May 4, 1908

CON

Angus Alexander McLean

Conservative (1867-1942)

Mr. A. A. McLEAN.

So far as I am concerned, I want to tell the hon. gentleman that no representations were made to me except those which come from the legislature of Prince Edward Island and from the captains whose petition I read to the House.

Topic:   SUPPLY-SHIPPING AT COLLIERIES.
Subtopic:   R. H. MONTGOMERY,
Permalink
CON

Alexander Martin

Conservative (1867-1942)

Mr. A. MARTIN.

I can say the same thing, and I would like to know now what representations the hon. gentleman refers to.

Topic:   SUPPLY-SHIPPING AT COLLIERIES.
Subtopic:   R. H. MONTGOMERY,
Permalink
LIB

Alexander Johnston

Liberal

Mr. JOHNSTON.

I understood that my hon. friends from Prince Edward Island were speaking this afternoon as a result of certain representations which had been made to them. If no representations have been made to them, I can quite understand their position. I take it, then, that the fact that no representations have been made to them accounts for the extraordinary position they take.

Topic:   SUPPLY-SHIPPING AT COLLIERIES.
Subtopic:   R. H. MONTGOMERY,
Permalink
CON

Alexander Martin

Conservative (1867-1942)

Mr. A. MARTIN.

I do not want the hon. gentleman to put words into my mouth. I told him distinctly that no representations were made to me except what I referred to when I spoke.

Topic:   SUPPLY-SHIPPING AT COLLIERIES.
Subtopic:   R. H. MONTGOMERY,
Permalink
LIB

Alexander Johnston

Liberal

Mr. JOHNSTON.

Then I am to assume that representations were made to my hon. friend in regard to this matter. If representations had been made to my hon. friend, as I am bound to assume they were

Topic:   SUPPLY-SHIPPING AT COLLIERIES.
Subtopic:   R. H. MONTGOMERY,
Permalink
CON

Alexander Martin

Conservative (1867-1942)

Mr. A. MARTIN.

Your representations don't fit.

Topic:   SUPPLY-SHIPPING AT COLLIERIES.
Subtopic:   R. H. MONTGOMERY,
Permalink
LIB

Alexander Johnston

Liberal

Mr. JOHNSTON.

I was right, it is evident, when I assumed earlier that the facts were the last thing my hon. friend from Prince Edward Island (Mr. Martin) desired with regard to this question. It was not a remedy for this alleged grievance that my hon. friend desired.

Topic:   SUPPLY-SHIPPING AT COLLIERIES.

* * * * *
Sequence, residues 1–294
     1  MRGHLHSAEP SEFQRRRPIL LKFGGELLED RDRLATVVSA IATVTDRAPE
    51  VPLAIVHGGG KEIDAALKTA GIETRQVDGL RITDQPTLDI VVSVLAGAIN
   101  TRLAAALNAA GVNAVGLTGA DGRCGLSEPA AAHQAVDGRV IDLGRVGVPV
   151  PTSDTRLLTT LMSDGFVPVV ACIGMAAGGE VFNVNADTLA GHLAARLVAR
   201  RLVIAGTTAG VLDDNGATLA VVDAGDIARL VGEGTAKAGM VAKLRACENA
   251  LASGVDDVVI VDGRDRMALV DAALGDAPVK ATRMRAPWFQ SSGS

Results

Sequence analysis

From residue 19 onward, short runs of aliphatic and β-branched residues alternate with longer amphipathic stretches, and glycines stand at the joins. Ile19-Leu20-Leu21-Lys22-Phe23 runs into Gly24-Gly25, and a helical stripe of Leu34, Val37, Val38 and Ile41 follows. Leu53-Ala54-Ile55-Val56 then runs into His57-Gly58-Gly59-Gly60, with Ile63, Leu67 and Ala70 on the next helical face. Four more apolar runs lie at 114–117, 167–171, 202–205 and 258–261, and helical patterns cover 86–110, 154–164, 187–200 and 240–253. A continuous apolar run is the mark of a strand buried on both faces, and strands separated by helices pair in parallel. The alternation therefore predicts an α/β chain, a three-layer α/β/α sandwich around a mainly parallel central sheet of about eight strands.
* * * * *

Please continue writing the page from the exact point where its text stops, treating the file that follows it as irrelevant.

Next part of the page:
Subtopic:   R. H. MONTGOMERY,
Permalink
CON

Angus Alexander McLean

Conservative (1867-1942)

Mr. A. A. McLEAN.

What representations does the hon. gentleman refer to ? I do not know what he means.

Topic:   SUPPLY-SHIPPING AT COLLIERIES.
Subtopic:   R. H. MONTGOMERY,
Permalink
LIB

Alexander Johnston

Liberal

Mr. JOHNSTON.

I am satisfied now none were made to my hon. friend. Alter he had finished his operations a little while ago, I came to the conclusion that none had been made to him. His remarks showed such an absolute want of knowledge on the question, that I cannot imagine he had received any representations. As my hon. friend from Pictou (Mr. Macdonald) has pointed out, the immediate question arose in connection with the difficulty at Port Hastings last fall. As my hon. friend has pointed out, the Dominion Coal Company have made special provisions for attending to the class of shipping referred to this afternoon. Some years ago a question arose of alleged discrimination against sailing vessels, but steps were taken by those interested to provide a remedy. Representations, for instance, had been made to myself, but when they were, I did not take the course followed by my hon. friend. I did not conceal the representations in my pocket, but went with them to the people who could remedy the grievance. I went to the operators of the mines in Nova Scotia and Cape Bretou, who are reasonable people ; and I may tell my hon. friend something perhaps he does not know, and that is that every coal operator in Nova Scotia is anxious to accommodate this particular trade of which he speaks. It is a profitable trade for them. There is not a coal operator who would not be pleased to be in a position to deal with it. I made representations some three or four years ago to the Dominion) Coal Company, and that company took steps to provide specially for the accommodation of this particular class of traffic about which my hon. friend is so much concerned. I can tell him that the Dominion Coal Company all last year were advertising in the newspapers for schooners to come to the coal pier which the company had constructed specially for the accommodation of this class of shipping, and a large number of these schooners did come. The company were prepared to accommodate more than they were able to get. At the other piers of the company there were from time to time people who represented that they had not been properly treated. I made representations to the company, and they assured me that during the coming season they will, at least three days in the week, give preference to the particular class of craft referred to. If my hon. friend had been interested in this question in any other respect than as a grievance, he -would have sought some information from the people engaged in the trade, and he would have found out that they are making provision to the best of their ability for the accommodation of this traffic. My hon. friend ought to know that the coal companies in Nova Scotia have, in order to keep their men about them, to go into the markets in advance and sell their coal. They